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Junnar Caves : Amba Ambika Caves in Junnar in Maharashtra

Monday, October 10, 2016

There are around 200 Buddhist caves in the hills of Junnar. The largest collection of caves at a single place in the whole of India. These caves belong to the Hinayana (Theravada) phase of Buddhism. They were built between 3rd century BC to 3rd century AD. The Junnar Caves are further divided on the hill ranges. The  Tulja Caves, The Shivneri Caves are located on the Shivneri Fort, The Manmodi Hills (comprising of Amba Ambika Caves, Bhimashankar Caves and Bhutalinga Caves) and Lenyadri Caves aka Ganesh Caves. 

Amba Ambika Caves

Junnar is around 200 KM away from Mumbai. That is roughly around a 5 hour drive after taking into consideration the traffic and breaks). As we were not sure as to how much time it would take to visit the 200 caves we decided to make it a 2 day trip. 

Aashish, Neha and Manohar joined me in exploring the Junnar Caves. 
Stupa at Amba Ambika Caves

We decided to meet at 5 AM at Ghatkopar Railway station (E). Due to a little delay we kick started the road trip at 5:15 AM. We were greeted by early morning rains. I was hoping to have clear skies else l would get dull photos. Junnar is tagged on google maps, we decided to take the Mumbai Pune Expressway,exit at Talegaon, head over to Chakan to refill the CNG and then head to Junnar via Rajgurunagar, Manchar and Narayangaon.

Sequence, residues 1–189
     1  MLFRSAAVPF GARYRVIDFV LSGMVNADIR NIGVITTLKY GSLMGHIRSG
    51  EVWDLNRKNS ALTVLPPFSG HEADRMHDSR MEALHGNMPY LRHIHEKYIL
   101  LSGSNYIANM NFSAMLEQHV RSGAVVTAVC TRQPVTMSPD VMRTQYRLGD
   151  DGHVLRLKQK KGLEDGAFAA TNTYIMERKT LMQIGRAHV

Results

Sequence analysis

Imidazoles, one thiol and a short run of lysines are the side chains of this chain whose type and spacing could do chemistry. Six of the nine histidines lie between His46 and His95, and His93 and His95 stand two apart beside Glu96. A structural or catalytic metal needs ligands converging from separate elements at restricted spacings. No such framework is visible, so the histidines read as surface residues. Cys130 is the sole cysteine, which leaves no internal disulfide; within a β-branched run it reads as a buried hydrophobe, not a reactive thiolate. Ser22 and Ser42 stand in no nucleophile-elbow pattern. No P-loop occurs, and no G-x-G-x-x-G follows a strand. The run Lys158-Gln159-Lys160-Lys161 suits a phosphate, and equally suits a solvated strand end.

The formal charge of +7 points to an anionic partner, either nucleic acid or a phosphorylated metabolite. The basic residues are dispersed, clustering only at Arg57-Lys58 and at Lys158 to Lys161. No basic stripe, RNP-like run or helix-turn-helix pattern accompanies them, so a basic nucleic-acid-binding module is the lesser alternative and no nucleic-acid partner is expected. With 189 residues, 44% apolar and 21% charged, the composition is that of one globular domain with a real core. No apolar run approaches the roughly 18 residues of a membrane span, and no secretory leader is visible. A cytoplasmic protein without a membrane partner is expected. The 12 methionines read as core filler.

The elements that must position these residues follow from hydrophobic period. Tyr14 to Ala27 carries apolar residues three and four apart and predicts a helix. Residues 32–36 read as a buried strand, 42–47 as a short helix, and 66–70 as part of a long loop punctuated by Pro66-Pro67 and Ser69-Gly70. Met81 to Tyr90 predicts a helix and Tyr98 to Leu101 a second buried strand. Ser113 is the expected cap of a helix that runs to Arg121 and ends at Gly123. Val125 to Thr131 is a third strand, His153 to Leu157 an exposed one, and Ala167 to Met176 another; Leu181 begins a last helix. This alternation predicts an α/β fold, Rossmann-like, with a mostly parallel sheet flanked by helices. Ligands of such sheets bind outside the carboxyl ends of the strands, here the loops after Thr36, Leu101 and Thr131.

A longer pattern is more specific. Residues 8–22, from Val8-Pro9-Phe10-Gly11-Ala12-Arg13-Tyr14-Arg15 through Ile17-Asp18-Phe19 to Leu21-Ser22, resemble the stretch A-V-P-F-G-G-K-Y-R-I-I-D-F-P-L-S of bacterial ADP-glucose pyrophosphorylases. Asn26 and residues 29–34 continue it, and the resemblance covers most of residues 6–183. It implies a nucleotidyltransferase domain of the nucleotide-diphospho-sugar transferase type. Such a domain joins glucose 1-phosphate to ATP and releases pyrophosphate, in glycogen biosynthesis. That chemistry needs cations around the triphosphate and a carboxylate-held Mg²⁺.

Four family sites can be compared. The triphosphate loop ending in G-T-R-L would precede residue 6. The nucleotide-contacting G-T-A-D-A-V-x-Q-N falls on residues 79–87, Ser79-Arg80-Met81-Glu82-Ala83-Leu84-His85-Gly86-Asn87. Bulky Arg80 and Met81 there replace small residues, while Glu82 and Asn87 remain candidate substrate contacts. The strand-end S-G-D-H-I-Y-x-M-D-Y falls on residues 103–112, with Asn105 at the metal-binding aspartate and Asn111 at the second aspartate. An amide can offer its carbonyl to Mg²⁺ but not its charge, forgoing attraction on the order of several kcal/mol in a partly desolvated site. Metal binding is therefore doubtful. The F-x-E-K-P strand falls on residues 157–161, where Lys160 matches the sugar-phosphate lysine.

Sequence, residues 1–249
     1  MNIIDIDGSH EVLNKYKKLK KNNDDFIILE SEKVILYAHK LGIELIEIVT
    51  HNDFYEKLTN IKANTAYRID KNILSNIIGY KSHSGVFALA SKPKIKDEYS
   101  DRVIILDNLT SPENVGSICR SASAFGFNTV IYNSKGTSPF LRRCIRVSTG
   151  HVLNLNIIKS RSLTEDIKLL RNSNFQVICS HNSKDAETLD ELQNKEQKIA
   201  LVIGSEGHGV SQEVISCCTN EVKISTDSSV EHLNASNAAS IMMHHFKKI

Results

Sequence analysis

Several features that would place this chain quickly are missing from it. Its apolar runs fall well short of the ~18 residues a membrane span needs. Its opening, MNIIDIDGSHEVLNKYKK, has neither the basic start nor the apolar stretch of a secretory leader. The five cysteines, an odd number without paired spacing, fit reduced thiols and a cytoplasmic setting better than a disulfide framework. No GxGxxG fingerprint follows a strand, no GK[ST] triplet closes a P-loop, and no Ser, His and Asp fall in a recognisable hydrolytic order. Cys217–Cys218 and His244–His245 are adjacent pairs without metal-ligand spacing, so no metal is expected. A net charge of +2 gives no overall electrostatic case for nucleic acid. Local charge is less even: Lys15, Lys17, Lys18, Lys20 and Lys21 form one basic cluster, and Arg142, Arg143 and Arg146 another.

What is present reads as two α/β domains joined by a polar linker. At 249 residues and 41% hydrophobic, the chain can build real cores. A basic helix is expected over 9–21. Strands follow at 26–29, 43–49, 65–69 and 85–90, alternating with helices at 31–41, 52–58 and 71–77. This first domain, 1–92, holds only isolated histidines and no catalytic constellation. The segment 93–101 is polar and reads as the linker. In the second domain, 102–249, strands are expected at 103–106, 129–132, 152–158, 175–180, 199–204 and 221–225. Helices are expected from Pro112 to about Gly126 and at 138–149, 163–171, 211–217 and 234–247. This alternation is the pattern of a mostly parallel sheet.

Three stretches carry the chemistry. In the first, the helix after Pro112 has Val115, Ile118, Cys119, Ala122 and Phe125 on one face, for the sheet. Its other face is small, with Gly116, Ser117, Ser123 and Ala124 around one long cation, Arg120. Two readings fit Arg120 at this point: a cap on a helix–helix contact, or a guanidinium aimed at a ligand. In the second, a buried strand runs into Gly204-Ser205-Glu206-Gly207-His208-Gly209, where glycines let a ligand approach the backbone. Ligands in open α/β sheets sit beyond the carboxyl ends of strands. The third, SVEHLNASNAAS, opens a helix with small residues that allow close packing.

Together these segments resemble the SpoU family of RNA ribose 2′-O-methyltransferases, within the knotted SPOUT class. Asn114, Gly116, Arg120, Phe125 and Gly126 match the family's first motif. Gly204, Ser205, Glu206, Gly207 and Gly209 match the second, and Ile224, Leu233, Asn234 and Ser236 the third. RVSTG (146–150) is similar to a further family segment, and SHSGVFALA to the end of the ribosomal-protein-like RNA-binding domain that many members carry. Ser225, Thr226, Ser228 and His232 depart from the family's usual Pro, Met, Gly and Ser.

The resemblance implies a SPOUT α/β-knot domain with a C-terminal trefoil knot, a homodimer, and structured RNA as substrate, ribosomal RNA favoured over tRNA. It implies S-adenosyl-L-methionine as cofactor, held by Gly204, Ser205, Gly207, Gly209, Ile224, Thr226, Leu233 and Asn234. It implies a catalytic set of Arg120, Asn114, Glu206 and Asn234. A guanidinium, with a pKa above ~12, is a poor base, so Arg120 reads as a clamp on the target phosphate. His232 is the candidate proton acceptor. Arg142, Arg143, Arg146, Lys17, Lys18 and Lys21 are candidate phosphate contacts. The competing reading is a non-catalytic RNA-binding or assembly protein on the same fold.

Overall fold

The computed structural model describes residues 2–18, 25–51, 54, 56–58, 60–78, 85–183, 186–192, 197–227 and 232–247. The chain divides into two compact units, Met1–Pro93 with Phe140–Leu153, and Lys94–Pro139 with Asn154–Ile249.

The caves are located around the Junnar ST bus depot. 
Vihara at Amba Ambika Caves

As we were approaching Junnar, I noticed a set of caves in the hills. I quickly informed Aashish about the same. We decided to visit the caves first. I checked google maps, these were the Amba Ambika Caves. We quickly exited the Narayangaon-Junnar Road and traveled on the Junnar-Vadaj Road. There are no signboards on this road. So one has to rely on the locals for directions to visit the caves. We asked a couple of locals and they guided us via a small muddy road which goes uphill and leads straight to Amba Ambika Caves. 
Vihara at Amba Ambika Caves

We trekked up the jungle for around 20 minutes to reach the Amba Ambika Caves. A couple of caves have been converted into a temple dedicated to Amba Ambika (painted white). A couple of people were reciting kirtans there, so we didn't want to disturb them.  We decided to go explore the remaining caves. As per Manohar the Amba Ambika comprised of around 40 caves. The caves on the top were not accessible to us. Maybe in the past there was way to reach them. The caves are not in very good condition, except for the temple. 
Inscription at Amba Ambika Caves

One of the caves had nicely carved pillars on them, We didn't go in the cave premises as the floor was covered in moss. There was a Stupa too in it. There is also a inscription on one of the cave walls. Not sure what it meant, as we didn't know the language it was written in. 

Amba Ambika Caves

It took us around 15 minutes to explore the caves. We then asked the priest who had just arrived about the other caves. He informed us that the caves to the left of Amba Ambika are the Bhutalinga Caves and the once in far right are the Bhimashankar Caves. 


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